Over in the United States, Brazilian-born, Austin-based Paula Maya brings her musical roots together with Congolese soukous, Latin and Caribbean rhythms and her adopted home’s indie spirit. The resulting Iluminar (Yellow House Records, 2015) is breezy and delightful but hardly lacking in substance.
Maya delivers as both vocalist and keyboardist, singing primarily in Portuguese but some English as well, ranging from mellow to rollicking on seven originals and the Vinicius de Moraes/Toquinho bossa nova chestnut “Tarde em Itapoa.” The production isn’t fancy and the songs are stronger for it. Maya’s love for what she does is evident throughout, thus this disc is a topflight pleasure.
Traditional Venezuelan music gets modern jolts of rock, funk, jazz and electronica on Los Crema Paraiso’s take-no-prisoners De Pelicula! (Cutupra Productions, 2015). The trio of Alvaro Benavides (bass), Jose Luis Pardo (guitar and keyboards) and Neil Ochoa (drums and percussion) sometimes tear into their instruments like a Latin punk band, but nuances show through when enough breathing room is left for them, as on the hyper-lounge of “Mas” and a trippy cover of Tears for Fears’ “Everybody Wants to Rule the World.” Not for everyone’s taste, but good, spunky fun.
Combining Colombian and Chilean cumbia with a pan-South American sensibility, Chico Trujillo provide the soundtrack to one serious party with Reina de Todas las Fiestas (Barbes Records, 2015). Tumbling rhythms, fiery horns (augmented by wall-of-brass Banda Wiracocha) and urgent vocals are delivered with a celebratory tone worthy of the best Chilean or Brazilian carnival, sometimes stepping back just enough to let a tasty break on guitar, organ, accordion or clarinet get a word in. It’s only a notch over 30 minutes long, but you’ll be hooked after about three seconds of such relentlessly infectious music.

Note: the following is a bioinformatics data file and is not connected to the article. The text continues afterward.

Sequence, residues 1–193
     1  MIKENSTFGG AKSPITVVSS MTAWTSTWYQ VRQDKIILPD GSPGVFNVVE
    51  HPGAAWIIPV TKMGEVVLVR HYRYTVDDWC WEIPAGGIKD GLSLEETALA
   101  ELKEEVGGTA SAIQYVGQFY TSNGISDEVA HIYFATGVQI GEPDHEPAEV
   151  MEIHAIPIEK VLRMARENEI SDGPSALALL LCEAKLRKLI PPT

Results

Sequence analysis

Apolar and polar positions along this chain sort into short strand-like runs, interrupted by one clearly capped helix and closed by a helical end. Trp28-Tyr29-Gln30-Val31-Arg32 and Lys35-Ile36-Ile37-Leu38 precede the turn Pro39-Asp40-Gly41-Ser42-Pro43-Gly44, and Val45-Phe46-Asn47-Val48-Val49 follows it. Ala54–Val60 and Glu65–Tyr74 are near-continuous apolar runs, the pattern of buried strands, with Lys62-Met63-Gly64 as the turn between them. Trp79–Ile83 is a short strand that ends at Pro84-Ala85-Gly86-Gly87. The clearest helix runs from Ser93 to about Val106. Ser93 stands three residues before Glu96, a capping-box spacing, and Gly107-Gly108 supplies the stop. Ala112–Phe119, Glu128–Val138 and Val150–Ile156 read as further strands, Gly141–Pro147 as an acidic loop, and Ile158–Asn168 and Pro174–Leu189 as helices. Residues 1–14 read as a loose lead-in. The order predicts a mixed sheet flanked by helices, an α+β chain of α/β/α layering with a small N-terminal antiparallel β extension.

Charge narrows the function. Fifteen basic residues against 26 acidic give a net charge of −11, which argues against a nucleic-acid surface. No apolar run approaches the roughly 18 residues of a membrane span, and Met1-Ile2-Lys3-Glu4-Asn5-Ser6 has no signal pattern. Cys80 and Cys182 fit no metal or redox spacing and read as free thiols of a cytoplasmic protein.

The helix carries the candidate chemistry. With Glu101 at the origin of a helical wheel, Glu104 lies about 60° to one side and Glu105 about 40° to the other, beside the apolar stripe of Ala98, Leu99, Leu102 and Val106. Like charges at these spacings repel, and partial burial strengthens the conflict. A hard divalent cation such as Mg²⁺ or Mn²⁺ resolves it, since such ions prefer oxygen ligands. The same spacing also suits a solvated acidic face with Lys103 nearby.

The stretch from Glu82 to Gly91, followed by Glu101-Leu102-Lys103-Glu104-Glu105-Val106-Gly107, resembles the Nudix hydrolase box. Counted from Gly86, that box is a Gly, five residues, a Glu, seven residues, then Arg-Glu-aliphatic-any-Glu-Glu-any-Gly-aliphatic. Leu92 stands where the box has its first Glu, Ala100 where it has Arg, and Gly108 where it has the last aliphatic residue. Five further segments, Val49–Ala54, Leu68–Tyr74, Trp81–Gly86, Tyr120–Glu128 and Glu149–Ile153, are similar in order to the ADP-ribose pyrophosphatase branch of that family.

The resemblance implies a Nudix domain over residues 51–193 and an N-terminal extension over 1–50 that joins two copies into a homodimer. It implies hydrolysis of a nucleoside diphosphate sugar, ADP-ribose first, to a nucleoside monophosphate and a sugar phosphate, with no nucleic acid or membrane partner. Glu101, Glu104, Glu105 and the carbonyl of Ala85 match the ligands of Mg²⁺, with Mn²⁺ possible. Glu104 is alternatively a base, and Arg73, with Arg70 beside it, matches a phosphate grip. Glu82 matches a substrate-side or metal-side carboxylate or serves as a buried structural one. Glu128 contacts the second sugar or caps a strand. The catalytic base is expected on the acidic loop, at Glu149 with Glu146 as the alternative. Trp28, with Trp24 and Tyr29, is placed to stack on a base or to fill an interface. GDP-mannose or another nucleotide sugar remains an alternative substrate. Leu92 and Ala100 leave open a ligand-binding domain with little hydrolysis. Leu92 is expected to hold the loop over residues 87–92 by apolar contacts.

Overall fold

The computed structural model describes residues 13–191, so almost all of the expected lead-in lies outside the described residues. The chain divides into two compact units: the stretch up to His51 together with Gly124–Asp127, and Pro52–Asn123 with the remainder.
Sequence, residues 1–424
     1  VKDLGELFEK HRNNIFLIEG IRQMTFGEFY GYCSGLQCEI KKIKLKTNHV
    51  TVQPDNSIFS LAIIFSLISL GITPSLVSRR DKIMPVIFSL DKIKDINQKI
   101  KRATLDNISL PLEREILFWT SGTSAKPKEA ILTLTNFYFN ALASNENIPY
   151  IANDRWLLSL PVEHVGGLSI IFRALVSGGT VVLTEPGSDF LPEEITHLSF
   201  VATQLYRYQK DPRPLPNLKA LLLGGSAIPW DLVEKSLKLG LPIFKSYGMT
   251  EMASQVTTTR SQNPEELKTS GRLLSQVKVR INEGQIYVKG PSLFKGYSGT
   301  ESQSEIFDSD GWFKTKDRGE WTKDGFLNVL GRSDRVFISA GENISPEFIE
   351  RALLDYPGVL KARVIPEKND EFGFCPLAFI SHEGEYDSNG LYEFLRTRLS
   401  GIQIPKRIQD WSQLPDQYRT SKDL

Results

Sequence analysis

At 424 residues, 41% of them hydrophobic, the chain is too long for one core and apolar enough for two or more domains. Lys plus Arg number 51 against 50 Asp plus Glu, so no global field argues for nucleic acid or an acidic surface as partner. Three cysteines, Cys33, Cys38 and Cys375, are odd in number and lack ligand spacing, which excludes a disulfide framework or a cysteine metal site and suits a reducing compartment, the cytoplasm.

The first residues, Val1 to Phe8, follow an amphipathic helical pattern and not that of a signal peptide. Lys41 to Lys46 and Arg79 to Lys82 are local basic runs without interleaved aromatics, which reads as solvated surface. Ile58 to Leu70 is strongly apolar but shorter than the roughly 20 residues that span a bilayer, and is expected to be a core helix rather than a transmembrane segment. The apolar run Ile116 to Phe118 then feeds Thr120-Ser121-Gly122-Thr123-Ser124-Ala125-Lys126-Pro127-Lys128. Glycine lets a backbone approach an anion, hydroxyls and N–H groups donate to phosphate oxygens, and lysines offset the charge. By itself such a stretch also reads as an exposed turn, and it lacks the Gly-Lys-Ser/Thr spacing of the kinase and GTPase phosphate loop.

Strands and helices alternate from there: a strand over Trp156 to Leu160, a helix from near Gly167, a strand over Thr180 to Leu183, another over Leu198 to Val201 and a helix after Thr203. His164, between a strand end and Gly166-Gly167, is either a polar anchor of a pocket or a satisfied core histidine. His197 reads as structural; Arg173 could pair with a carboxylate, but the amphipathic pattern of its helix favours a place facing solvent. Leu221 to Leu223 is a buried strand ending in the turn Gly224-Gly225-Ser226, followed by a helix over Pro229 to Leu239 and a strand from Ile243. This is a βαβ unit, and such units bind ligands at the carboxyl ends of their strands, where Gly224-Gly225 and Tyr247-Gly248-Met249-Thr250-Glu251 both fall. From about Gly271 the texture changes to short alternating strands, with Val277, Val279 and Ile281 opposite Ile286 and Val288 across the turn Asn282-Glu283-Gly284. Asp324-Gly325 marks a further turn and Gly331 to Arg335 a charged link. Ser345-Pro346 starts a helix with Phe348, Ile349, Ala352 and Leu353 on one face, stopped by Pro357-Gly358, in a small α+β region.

If after Chico Trujillo you want to mellow a bit, give a listen to Rana Santacruz. His new one, Por Ahi (Chicavasco Music, 2015), is a suave melding of Mexican roots music with Balkan, Americana, Celtic and old time jazz overtones. Rana’s main instrument is the accordion and on most of the tracks here it’s in sweet conjunction with Kari Behtke’s violin, forming the basis for ballads, cheeky love songs, danceable stompers and a jab or two at corrupt politicians, all sung and played with a subtle spark that’s quite appealing.
Taking the verse of Croatian poet Tin Ujevic (1891-1955) and setting it to music, TriBeCaStan front man John Kruth creates a heartfelt meeting of word and sound on The Drunken Wind of Life- The Poem/Songs of Tin Ujevic (Smiling Fez Records, 2015). Any fancier of acoustic music will delight in the folksy backdrops that Kruth and his American/Croatian crew lay down. But it’s on a lyrical level that the disc really grabs. Ujevic’s words ring with sadness, irony, humor, bittersweet observations and a surreal sense of storytelling that consistently rings a lot more universally true than you’d expect from a Croatian poet who died 60 years ago. Rounding out the album is a trio of Kruth originals that show how very deeply he’s been impacted by Ujevic and his native land. Give this release your undivided attention. It’s worth it. (www.johnkruth.com)
Vocalist and mbira player Hope Masike is pictured grinning on the cover of Monoswezi Yanga (Riverboat Records, 2015) as if she’s got the inside scoop on something very special. She does, and it’s the music on the second release by Monoswezi, a quintet that marvelously pulls off combining the sounds of Zimbabwe and Mozambique with Scandinavian jazz.
Light but not lightweight, the music glides atop rolling percussion rhythms punctuated by Masike’s angelic singing and mbira plucking while bass, sax and clarinet (with occasional guitar, harmonica and harmonium) strengthen the foundation and add melodic color. I know words like “hypnotic” and “mesmerizing” are a bit shopworn, but they’re perfectly applicable in describing what you’ll hear if you have the good sense to get this CD.
Author: Tom Orr
Tom Orr is a California-based writer whose talent and mental stability are of an equally questionable nature. His hobbies include ignoring trends, striking dramatic poses in front of his ever-tolerant wife and watching helplessly as his kids surpass him in all desirable traits.